By Phillip Whitten
ORLANDO, February 14. THE amazing Michael Phelps continued to demonstrate why he was named World Swimmer of the Year in 2003, winning his fifth event in five tries — in four different disciplines — on this, the final night of competition at the ConocoPhillips US National Swimming Championships in Orlando, Florida. It was a feat that has only been equaled by Phelps, himself.
As is his custom, the 18 year-old from North Baltimore won tonight in Phelpsian style. Swimming the 200 meters individual medley, Phelps clocked an amazing 1:56.80, the third fastest time in history. No other man has ever broken 1:58. Phelps holds the world record at 1:55.94.
Phelps' North Baltimore teammate, Kevin Clements, was second in 2:01.81.
But Phelps was by no means the only story on this balmy Florida evening. Sprinters Roland Schoeman of South Africa, Gary Hall, Jr., of the US, and Michelle Englesman of Australia swam blazing times; Britain's David Davies came from behind to win the men's 1500 meters; and Amanda Beard showed why she is now a genuine threat in the women's individual medley.
The men's 50 freestyle featured one of the fastest fields ever assembled, with five of the eight finalists members of The Race Club, a professional swim club formed by Hall in Islamorada, Florida.
South Africa's Roland Schoeman got a tremendous start and held off a fast-closing Hall, the 2000 Olympic co-champion, to win in 22.12 seconds. Hall followed just 3-hundredths of a second later.
The winning time was Schoeman's second fastest ever — he swam 22.04 to win the US Nationals in 1999 — and would have ranked him second in the world last year.
"I was not expecting to go this fast at all," said Schoeman. I did everything I wanted to here and more. I was unshaved, unrested and focused on our Olympic Trials in two months. This shows that, without a doubt, I'm on target."
A grinning Gary Hall was equally pleased. His time, 22.15, would have ranked fourth in the world last year.
"I guess that's a pretty good time for a slow in-season, old man," said Hall, 29. "I'm definitely on track. This is, by far, my best in-season time and I didn't even rest for this meet."
Another Race Club swimmer, Michelle Englesman, of Australia, won the women's 50 free in a lifetime best 25.17, vaulting her into the mix for the two spots on the Australian team. Maritza Correia, in her best long course performance, was second in 25.53.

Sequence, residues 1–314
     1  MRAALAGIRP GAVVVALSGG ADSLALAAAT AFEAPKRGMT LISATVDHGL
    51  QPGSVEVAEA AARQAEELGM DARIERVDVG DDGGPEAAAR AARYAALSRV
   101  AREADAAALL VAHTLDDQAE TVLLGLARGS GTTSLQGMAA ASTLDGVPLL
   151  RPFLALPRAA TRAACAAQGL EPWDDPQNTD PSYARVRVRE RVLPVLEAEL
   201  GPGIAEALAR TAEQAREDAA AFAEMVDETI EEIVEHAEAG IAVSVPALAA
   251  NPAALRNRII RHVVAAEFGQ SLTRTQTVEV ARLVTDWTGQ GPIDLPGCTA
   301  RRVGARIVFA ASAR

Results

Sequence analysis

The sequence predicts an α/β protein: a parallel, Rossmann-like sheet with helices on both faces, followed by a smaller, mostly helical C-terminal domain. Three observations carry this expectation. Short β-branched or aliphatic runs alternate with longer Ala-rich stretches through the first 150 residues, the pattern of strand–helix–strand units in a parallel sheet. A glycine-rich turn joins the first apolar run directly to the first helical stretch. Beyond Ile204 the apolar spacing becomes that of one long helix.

Eighteen year-old Briton David Davies pulled off a major upset in winning the 1500 meters freestyle. Trailing American Larsen Jensen, the 800 meter champion, for 1250 meters, Davies sprinted ahead at the 1300-meter mark and just kept pulling away.
Davies touched in a lifetime best 15:02.63, more than six seconds ahead of a dispirited Jensen and third place finisher, Chris Thompson, the 2000 Olympic bronze medalist.
The 1500 was truly an international affair with six nations represented among the first nine finishers: Great Britain, the US, Israel, Korea, Ukraine and Venezuela.
The USA's Amanda Beard, the co-world record-holder in the 200 meter breaststroke, who had already won both breaststroke events here, took the 200m individual medley in a fast 2:13.11. Canada's Elizabeth Warden out-touched 14 year-old Katie Hoff for second place in 2:15.25. Hoff's 2:15.26 was a 13-14 NAG record — the third time she has broken that record in two months.
Beard, 22, is now regarded as a genuine threat to win an Olympic medal in the medley.
Japan's Sachiko Yamada completed a distance triple here by winning the women's 1500 meters in convincing fashion in 16:06.13 — more than 17 seconds ahead of US Olympian Diana Munz, who just out-touched 17 year-old Stephanie Carr. Brooke Bennett was fourth, another 13 seconds behind. Earlier Yamada had won both the 400 and 800 freestyle.